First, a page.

Researchers at the University of California, Riverside (UCR), have identified components in pomegranate juice that seem to inhibit the movement of cancer cells and weaken their attraction to a chemical signal that has been shown to promote the metastasis of prostate cancer to the bone, according to a presentation today at the American Society for Cell Biology's 50th Annual Meeting in Philadelphia.
The researchers in the UCR laboratory of Manuela Martins-Green, Ph.D., plan additional testing in an in vivo model for prostate cancer to determine dose-dependent effects and side effects of the two components.
The effect, if any, of pomegranate juice on the progression of prostate cancer is controversial.
In a 2006 study of prostate cancer patients who daily drank an eight-ounce glass of pomegranate juice, UCLA researchers detected a decline in prostate-specific antigen (PSA) levels that suggested a potential slowing of cancer progression.
The UCLA researchers did not try to define the potential biological mechanism behind pomegranate juice's effects in the study.
In Sept. 2010, the Federal Trade Commission (FTC) filed suit against Pom Wonderful, the natural foods company that provided the pomegranate juice for the UCLA research and has supported other research on pomegranate juice. The FTC charged the company with making false and misleading claims about the juice's effects on health.
In previous studies, Martins-Green and her research team used a standardized concentration of pomegranate juice on two types of laboratory-cultured prostate cancer cells that were resistant to testosterone.
Resistance to the hormone indicates a potentially strong metastatic potential. The researchers noted not only increased cell death among the pomegranate juice-treated tumor cells but also increased cell adhesion and decreased cell migration in those cancer cells that had not died.
The Martins-Green lab next analyzed the fruit juice to identify the active ingredients that had a molecular impact on cell adhesion and migration in metastatic prostate cancer cells. Martins-Green, graduate student Lei Wang and undergraduate student Jeffrey Ho identified phenylpropanoids, hydrobenzoic acids, flavones and conjugated fatty acids.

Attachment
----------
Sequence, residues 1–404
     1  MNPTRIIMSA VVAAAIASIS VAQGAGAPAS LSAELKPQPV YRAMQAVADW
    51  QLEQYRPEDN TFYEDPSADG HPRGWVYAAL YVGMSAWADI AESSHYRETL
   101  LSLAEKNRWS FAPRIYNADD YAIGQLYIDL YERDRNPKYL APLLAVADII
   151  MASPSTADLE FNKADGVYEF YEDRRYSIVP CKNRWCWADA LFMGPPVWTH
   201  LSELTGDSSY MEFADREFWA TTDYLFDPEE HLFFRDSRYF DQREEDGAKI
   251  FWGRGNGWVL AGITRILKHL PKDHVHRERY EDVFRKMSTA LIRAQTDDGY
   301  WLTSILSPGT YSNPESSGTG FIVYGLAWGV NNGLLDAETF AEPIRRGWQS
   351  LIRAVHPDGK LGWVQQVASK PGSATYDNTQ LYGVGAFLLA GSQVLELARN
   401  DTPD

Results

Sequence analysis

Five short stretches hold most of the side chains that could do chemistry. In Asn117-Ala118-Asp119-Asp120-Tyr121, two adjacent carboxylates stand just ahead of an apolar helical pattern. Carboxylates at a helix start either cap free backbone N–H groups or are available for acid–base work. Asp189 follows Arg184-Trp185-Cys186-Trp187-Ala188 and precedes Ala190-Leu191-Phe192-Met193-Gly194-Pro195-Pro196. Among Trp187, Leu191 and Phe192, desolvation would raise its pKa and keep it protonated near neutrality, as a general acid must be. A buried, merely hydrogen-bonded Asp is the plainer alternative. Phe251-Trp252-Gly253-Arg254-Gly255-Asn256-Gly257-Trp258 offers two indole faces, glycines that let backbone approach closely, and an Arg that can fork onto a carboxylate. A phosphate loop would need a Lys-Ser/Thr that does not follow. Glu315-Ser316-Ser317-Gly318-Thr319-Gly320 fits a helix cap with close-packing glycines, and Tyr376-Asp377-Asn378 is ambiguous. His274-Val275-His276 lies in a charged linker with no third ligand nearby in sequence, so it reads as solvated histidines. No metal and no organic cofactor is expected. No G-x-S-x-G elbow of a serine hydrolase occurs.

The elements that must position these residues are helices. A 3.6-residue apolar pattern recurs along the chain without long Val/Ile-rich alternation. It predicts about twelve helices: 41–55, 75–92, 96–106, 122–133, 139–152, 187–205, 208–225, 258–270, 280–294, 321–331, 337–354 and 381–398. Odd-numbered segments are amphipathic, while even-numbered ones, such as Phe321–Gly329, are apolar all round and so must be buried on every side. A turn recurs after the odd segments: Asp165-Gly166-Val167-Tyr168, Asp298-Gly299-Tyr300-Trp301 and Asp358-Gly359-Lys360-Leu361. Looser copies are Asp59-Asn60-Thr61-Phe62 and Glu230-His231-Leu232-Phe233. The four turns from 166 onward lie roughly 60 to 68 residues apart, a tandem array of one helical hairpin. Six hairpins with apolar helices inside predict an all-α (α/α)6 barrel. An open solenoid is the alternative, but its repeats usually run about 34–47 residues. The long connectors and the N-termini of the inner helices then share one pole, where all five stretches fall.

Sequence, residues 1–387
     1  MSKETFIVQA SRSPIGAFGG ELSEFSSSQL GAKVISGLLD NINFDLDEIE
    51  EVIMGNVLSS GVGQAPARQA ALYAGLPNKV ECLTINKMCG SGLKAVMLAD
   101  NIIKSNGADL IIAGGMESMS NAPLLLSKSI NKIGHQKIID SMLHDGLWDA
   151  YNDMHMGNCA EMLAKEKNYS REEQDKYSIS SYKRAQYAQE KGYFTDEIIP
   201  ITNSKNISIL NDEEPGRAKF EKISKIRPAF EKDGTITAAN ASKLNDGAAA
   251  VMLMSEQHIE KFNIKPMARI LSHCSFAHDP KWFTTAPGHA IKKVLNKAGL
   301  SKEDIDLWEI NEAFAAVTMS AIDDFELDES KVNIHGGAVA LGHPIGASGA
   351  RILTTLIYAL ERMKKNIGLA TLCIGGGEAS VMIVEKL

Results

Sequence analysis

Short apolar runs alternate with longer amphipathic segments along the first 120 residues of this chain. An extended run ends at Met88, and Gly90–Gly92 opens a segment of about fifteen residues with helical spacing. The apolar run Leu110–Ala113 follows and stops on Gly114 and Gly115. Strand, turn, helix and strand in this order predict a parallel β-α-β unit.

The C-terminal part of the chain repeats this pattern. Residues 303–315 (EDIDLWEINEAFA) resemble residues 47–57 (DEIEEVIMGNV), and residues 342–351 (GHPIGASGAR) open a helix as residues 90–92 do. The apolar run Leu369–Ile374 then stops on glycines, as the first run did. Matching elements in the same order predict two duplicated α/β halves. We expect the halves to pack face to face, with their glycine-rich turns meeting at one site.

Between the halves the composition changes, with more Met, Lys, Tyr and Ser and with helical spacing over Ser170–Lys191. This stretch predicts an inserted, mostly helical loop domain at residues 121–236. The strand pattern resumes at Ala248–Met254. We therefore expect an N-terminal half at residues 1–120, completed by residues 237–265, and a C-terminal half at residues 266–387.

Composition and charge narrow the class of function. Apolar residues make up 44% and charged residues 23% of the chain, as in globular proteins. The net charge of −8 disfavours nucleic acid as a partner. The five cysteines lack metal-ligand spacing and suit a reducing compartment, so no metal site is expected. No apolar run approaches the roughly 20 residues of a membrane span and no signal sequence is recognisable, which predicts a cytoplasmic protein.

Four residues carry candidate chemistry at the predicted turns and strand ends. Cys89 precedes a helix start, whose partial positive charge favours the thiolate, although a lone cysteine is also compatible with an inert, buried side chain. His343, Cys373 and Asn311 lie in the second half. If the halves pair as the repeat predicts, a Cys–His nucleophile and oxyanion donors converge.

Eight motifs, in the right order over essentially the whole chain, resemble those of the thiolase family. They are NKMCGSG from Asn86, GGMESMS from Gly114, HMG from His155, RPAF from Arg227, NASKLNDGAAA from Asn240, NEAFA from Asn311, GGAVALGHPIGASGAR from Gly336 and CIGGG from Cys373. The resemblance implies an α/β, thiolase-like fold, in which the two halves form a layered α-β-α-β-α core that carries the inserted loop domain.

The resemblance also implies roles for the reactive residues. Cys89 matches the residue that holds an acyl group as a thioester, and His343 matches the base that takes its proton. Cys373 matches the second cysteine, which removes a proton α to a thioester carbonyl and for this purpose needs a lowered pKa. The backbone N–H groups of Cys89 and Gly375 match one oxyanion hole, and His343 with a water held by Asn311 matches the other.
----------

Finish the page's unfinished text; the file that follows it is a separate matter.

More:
"This is particularly exciting because we can now modify these naturally occurring components of the juice to improve their functions and make them more effective in preventing prostate cancer metastasis," said Martins-Green.
"Because the genes and proteins involved in movement of prostate cancer cells are essentially the same as those involved in movement of other types of cancer cells, the same modified components of the juice could have a much broader impact in cancer treatment," she said.
For more information:
ASCB contacts:Cathy Yarbrough
John Fleischman | EurekAlert!
At last, butterflies get a bigger, better evolutionary tree
16.02.2018 | Florida Museum of Natural History
New treatment strategies for chronic kidney disease from the animal kingdom
16.02.2018 | Veterinärmedizinische Universität Wien
Breakthrough provides a new concept of the design of molecular motors, sensors and electricity generators at nanoscale
Researchers from the Institute of Organic Chemistry and Biochemistry of the CAS (IOCB Prague), Institute of Physics of the CAS (IP CAS) and Palacký University...
For photographers and scientists, lenses are lifesavers. They reflect and refract light, making possible the imaging systems that drive discovery through the microscope and preserve history through cameras.
But today's glass-based lenses are bulky and resist miniaturization. Next-generation technologies, such as ultrathin cameras or tiny microscopes, require...
Scientists from the University of Zurich have succeeded for the first time in tracking individual stem cells and their neuronal progeny over months within the intact adult brain. This study sheds light on how new neurons are produced throughout life.
The generation of new nerve cells was once thought to taper off at the end of embryonic development. However, recent research has shown that the adult brain...
Theoretical physicists propose to use negative interference to control heat flow in quantum devices. Study published in Physical Review Letters
Quantum computer parts are sensitive and need to be cooled to very low temperatures. Their tiny size makes them particularly susceptible to a temperature...
Let’s say the armrest is broken in your vintage car. As things stand, you would need a lot of luck and persistence to find the right spare part. But in the world of Industrie 4.0 and production with batch sizes of one, you can simply scan the armrest and print it out. This is made possible by the first ever 3D scanner capable of working autonomously and in real time. The autonomous scanning system will be on display at the Hannover Messe Preview on February 6 and at the Hannover Messe proper from April 23 to 27, 2018 (Hall 6, Booth A30).
Part of the charm of vintage cars is that they stopped making them long ago, so it is special when you do see one out on the roads. If something breaks or...
15.02.2018 | Event News
13.02.2018 | Event News
12.02.2018 | Event News
16.02.2018 | Information Technology
16.02.2018 | Health and Medicine
16.02.2018 | Physics and Astronomy